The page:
We woke up in the morning next to a lake in Serbia, swam, had breakfast and headed to the road. It was time to say goodbye to Serbia and explore Montenegro. So we randomly picked Žabljak, a little town next to Durmitor national park as our next destination and agreed to meet in the post office. This time we switched teams and I was hitchhiking with Rasa.
Closer we got to the border, more and more mountains appeared from all sides. One driver played a joke, when God was creating the world – some mountains left and he placed them all in Montenegro and Albania. That seems like a compelling idea as the scenery was really spectacular.
Montenegro greeted us with heavy rain, the cars were even stopping aside as you couldn‘t see anything. We had lunch next to Đurđevića Tara Bridge, which is one of the biggest vehicular arch bridges in Europe. The rain stopped for a while and we started to hitchhike, but soon the shower started all over again and nobody picked us. We lost a lot of time and reached Žabljak two or three hours after the first team. But still I had a great time!
Žabljak appeared to be not some little, unknown town, but a place full with tourists and hotels. That wasn‘t very pleasant discovery. I and Arnel faced another problem: we couldn‘t find where to exchange our Croatian kunas. So for the last days we were soaking money from Rasa and Gintarė.
While other guys were waiting for me and Rasa, they did a good research and found a nice mountain to sleep. This was the most beautiful place we have parked our tent during this trip.
Next day we swam in the Black lake, said Goodbye to Barbara and came back to sleep on the mountain. Our tent isn‘t very big, actually it‘s really tiny for four people, but warm though. That was important for me as we shared three sleeping bags, because I didn‘t have one.
And the day has come for our amazing team to split up. Group photo in the bus station (the only one we have), last hugs and me with Arnel took a bus to Kotor, while Gintarė and Rasa started their long journey to Lithuania.
When we arrived to Kotor it was already dark, but very muggy. There was some festival happening in the city centre and from the very first moments I found this place annoying. As we were thirsty we grabbed some mineral water in the old town which cost 3 Euros per bottle. That was most expensive mineral water I ever had. Funny thing that official currency of Montenegro is Euro. They decided to take over Euro after country declared independence in 2006. One guy in the bank was demanding for Montenegrian money as he couldn’t believe that Euro is the official currency.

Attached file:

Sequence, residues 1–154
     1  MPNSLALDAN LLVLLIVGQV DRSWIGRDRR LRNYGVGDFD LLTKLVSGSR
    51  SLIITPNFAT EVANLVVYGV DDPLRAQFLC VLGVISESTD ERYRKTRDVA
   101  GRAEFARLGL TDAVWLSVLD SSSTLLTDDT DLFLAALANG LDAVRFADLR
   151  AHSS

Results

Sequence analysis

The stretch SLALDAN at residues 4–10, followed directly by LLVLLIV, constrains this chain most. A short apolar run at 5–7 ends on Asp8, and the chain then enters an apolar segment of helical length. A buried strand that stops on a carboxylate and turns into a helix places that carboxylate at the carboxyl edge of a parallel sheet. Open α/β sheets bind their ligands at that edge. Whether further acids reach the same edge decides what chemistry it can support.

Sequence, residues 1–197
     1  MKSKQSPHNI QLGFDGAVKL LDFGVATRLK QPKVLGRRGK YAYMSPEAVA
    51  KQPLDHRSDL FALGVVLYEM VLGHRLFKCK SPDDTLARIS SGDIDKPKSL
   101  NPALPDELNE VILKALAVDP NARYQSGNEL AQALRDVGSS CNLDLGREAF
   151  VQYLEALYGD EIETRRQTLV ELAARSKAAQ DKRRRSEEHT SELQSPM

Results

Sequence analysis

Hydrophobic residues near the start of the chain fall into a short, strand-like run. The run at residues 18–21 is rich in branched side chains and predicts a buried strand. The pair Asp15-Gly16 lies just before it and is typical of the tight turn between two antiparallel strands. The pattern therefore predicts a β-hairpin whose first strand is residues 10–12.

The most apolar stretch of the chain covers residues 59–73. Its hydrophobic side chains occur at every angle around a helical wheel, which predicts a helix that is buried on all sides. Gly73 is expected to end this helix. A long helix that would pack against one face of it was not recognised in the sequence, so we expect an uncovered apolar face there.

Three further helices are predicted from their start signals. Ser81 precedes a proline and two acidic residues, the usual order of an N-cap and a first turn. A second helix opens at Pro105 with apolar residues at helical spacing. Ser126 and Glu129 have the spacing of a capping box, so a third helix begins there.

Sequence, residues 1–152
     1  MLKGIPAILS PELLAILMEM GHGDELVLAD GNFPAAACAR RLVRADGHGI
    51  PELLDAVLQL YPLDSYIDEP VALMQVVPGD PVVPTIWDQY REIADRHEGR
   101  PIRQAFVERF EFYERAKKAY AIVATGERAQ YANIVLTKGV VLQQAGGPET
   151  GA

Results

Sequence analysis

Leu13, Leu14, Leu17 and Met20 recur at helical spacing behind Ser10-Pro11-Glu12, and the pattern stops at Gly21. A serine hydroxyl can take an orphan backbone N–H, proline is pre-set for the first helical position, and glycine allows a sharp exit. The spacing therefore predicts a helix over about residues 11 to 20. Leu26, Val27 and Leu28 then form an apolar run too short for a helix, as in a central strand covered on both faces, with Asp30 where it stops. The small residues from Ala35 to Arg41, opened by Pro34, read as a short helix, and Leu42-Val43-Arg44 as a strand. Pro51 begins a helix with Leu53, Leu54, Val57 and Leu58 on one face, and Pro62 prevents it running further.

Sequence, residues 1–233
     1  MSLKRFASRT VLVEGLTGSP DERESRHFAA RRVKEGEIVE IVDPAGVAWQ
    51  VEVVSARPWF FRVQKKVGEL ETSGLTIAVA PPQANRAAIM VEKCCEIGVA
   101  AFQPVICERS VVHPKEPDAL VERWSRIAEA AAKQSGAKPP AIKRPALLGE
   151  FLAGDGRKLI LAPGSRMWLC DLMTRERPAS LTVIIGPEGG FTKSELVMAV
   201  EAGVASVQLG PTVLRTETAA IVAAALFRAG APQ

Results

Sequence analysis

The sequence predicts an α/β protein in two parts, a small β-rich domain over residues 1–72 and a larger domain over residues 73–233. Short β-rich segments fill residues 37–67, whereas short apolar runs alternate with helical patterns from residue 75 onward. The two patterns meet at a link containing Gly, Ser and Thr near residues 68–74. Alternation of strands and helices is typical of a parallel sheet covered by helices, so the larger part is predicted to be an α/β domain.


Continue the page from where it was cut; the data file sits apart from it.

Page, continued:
We were tired, it was around 11 p.m. so after quick search we entered local cemetery and find it to be a cozy place to sleep. Arnel slept between the graves, while I was sleeping literally on the grave. It was the second time in my life that I slept in the cemetery. 6:15 in the morning some lady came to take care after her graves, so we had to get out there.
The oldtown of Kotor is surrounded by walls, it’s like a city in the city. Streets are narrow with buildings made from stone and it’s the best place to walk then it’s so hot. The town is really impressive, but there were a lot of people and as it is quite small it feels very crowded. We also visited fortress in Kotor, which offers impressive scenery of the bay. The guy at the ticket office, asked Arnel where is he from and let us in for free, then found out that he is from Bosnia and Herzegovina.
Most of that day we spent hanging around the city and hunting Wi-fi. It was weekend so we couldn’t exchange our kunas once again and had to buy some cheapest tuna, bread and cheese. This time we found a place to sleep near some church, placed a tent and had our simple dinner.
Next day we finally managed to exchange money, I took the first bus going to Croatia, Arnel went home to Bosnia and Herzegovina and I was finally alone.
To be continued…